I'm not sure that I actually had what you would call talent. All I know is that I had a sense of rhythm; I grasped the essential genius of the Top-40 format, and I just loved being silly. I brought a little baggage to the party as well, but why mess up a good story? It was the summer of 1968. Johnny had me working all the vacation shifts, which gave me a lot of daytime exposure. KROY was in a definite period of transition from what it was to what it would become. Johnny was trying a number of things to make KROY different. One of them was a unique way of introducing the newscast by asking a question. For reasons I can't recall, I was asked to read the news for Bob Sherwood. The story I had selected to begin the newscast was about a theater in San Francisco in which some pranksters had set off a stink bomb. Even though I was brand new to the station, I had already developed a great affection for Bob, so making small "contributions" to his show gave me great pleasure. When it came time for the news I simply asked, "What smells in here?" His reaction literally changed the course of my career in radio. He began laughing. I began laughing. His laughter became uncontrollable. Mine became uncontrollable. For a moment in time, neither of us cared that we might be fired on the spot. Apocryphal versions of this story are many; but we must have laughed non-stop for at least 5 minutes. Any longer would have required CPR. That incident taught me that I didn't need to be funny, I just had look for opportunities to create a platform for laughter -- something I loved to do. Bob Sherwood was and is a very funny guy. He could festoon a story like no other, although sometimes in order to follow them, a program guide would have been helpful. What I remember most about Bob Sherwood as a professional was his shameless gift of promotion. I mean that as a sincere compliment, and to recognize the talent that he has used to build a magnificent career by helping others become famous.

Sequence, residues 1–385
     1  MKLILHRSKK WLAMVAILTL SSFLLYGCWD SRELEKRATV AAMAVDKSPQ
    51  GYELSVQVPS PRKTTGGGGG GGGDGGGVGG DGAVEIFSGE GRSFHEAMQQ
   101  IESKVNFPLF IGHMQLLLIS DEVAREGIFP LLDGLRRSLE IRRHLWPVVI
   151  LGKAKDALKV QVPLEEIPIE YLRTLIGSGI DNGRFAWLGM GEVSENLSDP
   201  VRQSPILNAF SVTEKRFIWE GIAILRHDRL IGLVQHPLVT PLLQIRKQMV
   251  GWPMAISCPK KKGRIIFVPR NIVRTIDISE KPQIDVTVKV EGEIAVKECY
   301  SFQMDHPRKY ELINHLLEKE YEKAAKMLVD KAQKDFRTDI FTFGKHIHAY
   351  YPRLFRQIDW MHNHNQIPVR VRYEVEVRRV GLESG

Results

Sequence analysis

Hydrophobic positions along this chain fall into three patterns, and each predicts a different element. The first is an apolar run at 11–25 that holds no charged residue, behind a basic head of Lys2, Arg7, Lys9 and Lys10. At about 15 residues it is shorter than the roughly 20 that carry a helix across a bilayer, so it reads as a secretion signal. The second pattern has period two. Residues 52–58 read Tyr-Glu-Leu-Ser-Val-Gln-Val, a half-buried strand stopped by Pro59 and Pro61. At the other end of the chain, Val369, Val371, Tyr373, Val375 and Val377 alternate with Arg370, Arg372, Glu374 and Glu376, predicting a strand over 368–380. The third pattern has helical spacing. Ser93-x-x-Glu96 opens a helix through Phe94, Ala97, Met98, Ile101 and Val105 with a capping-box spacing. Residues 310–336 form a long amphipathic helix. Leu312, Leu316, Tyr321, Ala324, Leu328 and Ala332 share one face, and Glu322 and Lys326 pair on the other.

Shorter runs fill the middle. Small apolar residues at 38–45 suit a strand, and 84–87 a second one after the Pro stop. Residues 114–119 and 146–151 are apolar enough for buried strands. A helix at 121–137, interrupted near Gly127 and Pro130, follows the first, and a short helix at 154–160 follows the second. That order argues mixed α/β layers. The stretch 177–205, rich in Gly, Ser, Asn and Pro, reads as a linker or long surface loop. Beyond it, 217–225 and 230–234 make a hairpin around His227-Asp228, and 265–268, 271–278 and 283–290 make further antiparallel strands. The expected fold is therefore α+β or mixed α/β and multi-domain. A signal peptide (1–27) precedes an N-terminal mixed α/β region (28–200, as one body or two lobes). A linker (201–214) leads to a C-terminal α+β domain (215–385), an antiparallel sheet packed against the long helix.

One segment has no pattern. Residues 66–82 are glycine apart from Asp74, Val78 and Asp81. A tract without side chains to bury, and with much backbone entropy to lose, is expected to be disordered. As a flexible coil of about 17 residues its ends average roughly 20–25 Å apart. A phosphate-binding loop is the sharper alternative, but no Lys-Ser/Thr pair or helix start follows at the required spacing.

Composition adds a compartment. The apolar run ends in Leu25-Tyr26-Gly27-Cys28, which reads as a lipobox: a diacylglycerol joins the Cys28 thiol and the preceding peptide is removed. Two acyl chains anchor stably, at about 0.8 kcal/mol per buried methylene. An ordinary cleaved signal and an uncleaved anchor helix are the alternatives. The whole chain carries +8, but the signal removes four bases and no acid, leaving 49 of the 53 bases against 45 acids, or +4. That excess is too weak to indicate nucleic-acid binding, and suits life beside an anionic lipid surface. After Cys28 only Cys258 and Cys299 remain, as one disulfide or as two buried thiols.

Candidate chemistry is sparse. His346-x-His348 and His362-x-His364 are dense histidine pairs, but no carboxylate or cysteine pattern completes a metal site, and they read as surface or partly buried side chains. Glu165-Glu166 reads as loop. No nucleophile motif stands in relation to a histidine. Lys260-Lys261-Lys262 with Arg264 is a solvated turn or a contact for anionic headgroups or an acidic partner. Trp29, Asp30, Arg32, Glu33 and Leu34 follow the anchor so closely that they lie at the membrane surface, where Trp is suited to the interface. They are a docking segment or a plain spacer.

That summer was all preamble for the launch of the new Music Power format in time for the Fall Arbitron. The big break of my career was Johnny's announcement that I would take over afternoon drive. Johnny moved to morning drive, Bob Sherwood was 9-noon; the Wonder Rabbit was noon-3, then me. If I remember correctly, following me were Jack Hammer, T. Michael Jordan, Gene Lane, Dave Williams, Terry Nelson, and others. (Was I that hard to follow?) I followed a guy who actually enjoyed being known as the Wonder Rabbit. He was a little different, but of course he said the same thing about me. KROY actually did develop a sense of wonder about it, so to call him the Wonder Rabbit was not as odd as you might think. Martin Ashley and I became friends and still remains in my affection.